Battleground at the Cellular Level
ByIn their Higgins Hall lab, Associate Professor of Biology Ken Williams and his researchers survey the biological battleground of a deadly disease.
Using cutting-edge molecular techniques, researchers paint cells bright colors to track their attack over the years, pick apart genes at the molecular level and look for ways to shore up beleaguered immune systems.
Understanding and combating the carnage wrought by HIV and AIDS at the cellular level is the primary target of the Williams lab, where researchers work to decipher the genetic and cellular mysteries of the deadly disease and gauge the potential for gene therapy to fight the effects of HIV and AIDS, particularly in the brain, where the reach of drug therapies falter.
Among the many questions posed by a virus that mutates with startling unpredictability one stands out: Is it the virus itself or the immune system’s own defensive response that does the most damage to the brain as the disease progresses?
“The big question is whether it’s the immune system coming into the brain that drives brain disease in patients with HIV and AIDS,” says Williams. “If it is, can you block or moderate the virus and the damage it does? Drugs don’t penetrate the brain very well, but cells traffic into the brain. If we can modulate the virus outside of the brain, we think we can more effectively target the disease.”
In his third year at BC, Williams has assembled a lab consisting of senior scientists, post-docs, graduate students and undergraduate biology majors working at the forefront of neuro-biological research, attracting the attention of scientists from around the world and drawing research funding from agencies focused on disease prevention.
Post-doc researcher Caroline Soulas and flow cytometry specialist Patrick Autissier traveled to the Keystone Meeting in Canada in March to report on the advanced techniques Autissier developed for sorting genetic markers, which Soulas then used to identify a single immune cell population that expands with AIDS, giving researchers a first indication of a target cell that takes the infection to other cells.
In April, Williams was part of a select group of scientists invited to Italy to speak at a meeting convened by the US National Institutes of Health to focus on cells critical to immune response. A recent article from the Williams lab in the American Journal of Pathology reports genetically-modified cells that decrease a receptor for HIV continue to penetrate the brain for as long as four years after initial gene therapy, suggesting that a population of cells that cannot be HIV infected can repopulate the brain.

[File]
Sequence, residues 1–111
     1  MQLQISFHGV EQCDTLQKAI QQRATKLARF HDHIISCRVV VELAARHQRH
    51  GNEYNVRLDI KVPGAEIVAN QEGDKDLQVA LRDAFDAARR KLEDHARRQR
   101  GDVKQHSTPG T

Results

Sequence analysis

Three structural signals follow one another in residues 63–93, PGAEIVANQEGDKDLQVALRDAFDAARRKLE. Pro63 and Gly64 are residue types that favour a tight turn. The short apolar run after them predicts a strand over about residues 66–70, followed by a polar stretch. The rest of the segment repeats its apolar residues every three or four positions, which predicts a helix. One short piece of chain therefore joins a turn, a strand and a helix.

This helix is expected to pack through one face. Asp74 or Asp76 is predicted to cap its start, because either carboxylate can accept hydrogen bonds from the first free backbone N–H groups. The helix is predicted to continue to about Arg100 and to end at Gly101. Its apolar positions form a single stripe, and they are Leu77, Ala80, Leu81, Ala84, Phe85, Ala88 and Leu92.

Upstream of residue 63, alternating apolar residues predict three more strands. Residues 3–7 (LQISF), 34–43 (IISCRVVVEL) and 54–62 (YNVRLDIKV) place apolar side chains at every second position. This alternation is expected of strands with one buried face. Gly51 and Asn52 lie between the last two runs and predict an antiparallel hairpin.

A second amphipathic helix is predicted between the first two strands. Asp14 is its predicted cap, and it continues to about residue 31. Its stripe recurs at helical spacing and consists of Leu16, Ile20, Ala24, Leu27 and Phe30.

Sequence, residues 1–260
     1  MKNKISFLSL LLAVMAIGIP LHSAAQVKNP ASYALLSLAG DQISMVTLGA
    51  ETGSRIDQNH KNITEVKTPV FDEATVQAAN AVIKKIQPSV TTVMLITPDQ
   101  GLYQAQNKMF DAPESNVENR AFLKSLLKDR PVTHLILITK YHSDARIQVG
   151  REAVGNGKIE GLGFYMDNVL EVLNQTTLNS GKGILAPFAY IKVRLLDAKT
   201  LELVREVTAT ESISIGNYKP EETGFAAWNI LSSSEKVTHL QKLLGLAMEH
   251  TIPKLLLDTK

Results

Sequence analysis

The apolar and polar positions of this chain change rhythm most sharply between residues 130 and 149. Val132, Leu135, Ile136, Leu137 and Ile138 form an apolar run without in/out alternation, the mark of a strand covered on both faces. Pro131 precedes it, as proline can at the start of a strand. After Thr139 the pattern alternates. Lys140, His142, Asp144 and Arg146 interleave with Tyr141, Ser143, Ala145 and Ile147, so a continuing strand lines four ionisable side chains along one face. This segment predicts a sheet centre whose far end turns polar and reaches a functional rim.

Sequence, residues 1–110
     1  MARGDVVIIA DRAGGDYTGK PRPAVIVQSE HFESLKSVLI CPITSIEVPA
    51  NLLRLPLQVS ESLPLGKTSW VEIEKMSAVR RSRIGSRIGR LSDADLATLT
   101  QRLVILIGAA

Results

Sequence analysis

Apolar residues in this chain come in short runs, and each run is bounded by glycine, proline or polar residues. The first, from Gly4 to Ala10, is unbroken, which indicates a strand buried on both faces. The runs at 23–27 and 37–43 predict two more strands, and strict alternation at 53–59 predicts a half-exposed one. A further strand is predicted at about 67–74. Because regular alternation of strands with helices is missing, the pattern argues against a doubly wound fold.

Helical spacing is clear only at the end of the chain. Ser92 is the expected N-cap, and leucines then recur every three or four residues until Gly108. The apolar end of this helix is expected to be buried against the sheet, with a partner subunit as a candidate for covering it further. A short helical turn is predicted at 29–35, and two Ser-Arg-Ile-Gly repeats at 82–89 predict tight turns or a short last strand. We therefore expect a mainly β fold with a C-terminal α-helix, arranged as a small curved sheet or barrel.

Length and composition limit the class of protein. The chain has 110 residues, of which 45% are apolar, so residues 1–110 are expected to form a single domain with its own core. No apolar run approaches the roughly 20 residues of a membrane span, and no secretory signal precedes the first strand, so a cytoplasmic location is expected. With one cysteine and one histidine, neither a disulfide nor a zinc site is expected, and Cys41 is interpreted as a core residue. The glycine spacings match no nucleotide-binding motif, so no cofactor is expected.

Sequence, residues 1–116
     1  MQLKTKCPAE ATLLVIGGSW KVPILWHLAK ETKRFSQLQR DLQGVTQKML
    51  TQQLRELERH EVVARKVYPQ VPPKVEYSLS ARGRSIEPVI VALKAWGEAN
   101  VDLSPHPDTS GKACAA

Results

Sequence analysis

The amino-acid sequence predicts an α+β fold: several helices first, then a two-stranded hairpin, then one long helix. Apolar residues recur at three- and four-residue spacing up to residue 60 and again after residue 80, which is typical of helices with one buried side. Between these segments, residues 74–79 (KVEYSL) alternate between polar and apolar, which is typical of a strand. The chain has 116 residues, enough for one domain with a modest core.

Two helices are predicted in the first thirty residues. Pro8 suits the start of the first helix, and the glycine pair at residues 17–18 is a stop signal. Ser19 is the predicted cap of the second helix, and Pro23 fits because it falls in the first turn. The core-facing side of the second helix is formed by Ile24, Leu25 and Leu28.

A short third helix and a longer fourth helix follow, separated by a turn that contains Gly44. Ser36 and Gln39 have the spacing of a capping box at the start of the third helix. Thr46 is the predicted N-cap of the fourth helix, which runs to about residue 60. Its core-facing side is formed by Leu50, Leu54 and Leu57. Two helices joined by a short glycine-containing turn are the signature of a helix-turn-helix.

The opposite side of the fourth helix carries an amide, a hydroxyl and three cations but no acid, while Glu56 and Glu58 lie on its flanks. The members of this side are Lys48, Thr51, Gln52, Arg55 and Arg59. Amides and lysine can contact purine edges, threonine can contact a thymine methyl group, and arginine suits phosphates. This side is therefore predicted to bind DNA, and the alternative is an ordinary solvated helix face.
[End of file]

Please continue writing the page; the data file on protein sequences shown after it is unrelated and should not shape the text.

“For people doing gene therapy to stop HIV infection, these results rate a 9 on a scale of 10,” said Williams. “It’s fantastic news.”
A paper from Williams and collaborators from Harvard Medical School in the journal Neurology reported success using clinical immunology and brain imaging to demonstrate in early HIV-infected humans that the white blood cells that control viral growth in blood also contribute to brain injury.
Williams joined BC after 11 years at Harvard Medical School, bringing along a research portfolio focused on immunology, virology, disease development and the interaction of the central nervous system and the immune system. The professor’s lab, which receives nearly $2 million in external funding a year, includes a dozen researchers who use viral infection models, histology and confocal microscopy to study the effects of HIV and AIDS on the brain. Researchers are also using other cutting-edge tools, including laser flow cytometry and cell sorting technology.
Williams’ research program has been consistently supported by grants from the National Institutes of Health. He currently has three RO1 grants, among the most sought-after by researchers in health and biological sciences, and projects in areas of HIV therapy, reversing dementia in AIDS patients and studying a range of AIDS-related illnesses and the interplay of the virus with blood cells, the brain, immune system response and anti-retroviral therapy.
Earlier this year, Williams and colleagues from the University of Florida received a five-year, $3.5-million grant from the NIH to investigate what genetic changes occur during HIV infection of the brain.
Williams will be working with UF computational biologist Marco Salemi, whose theoretical experts will be mapping the evolution of the disease using DNA sequences, mathematical models, computer algorithms and visualization techniques. The Williams lab will compare those findings to actual examples of the disease through its expertise in the use of animal models to study an HIV-like disease, called SIV, which affects monkeys.
Salemi says pairing labs with two unique approaches to research is an exciting prospect.
“Ken and I have been talking about collaborating and now we’re putting this into action,” he said. “Ken goes for the straight answer. He wants to see something with applications. I think we balance each other and I think this is a model for how 21st-century biological
research can be done. Put together the best in theoretical and experimental biology and get the best of both worlds.”
Ed Hayward can be reached at email@example.com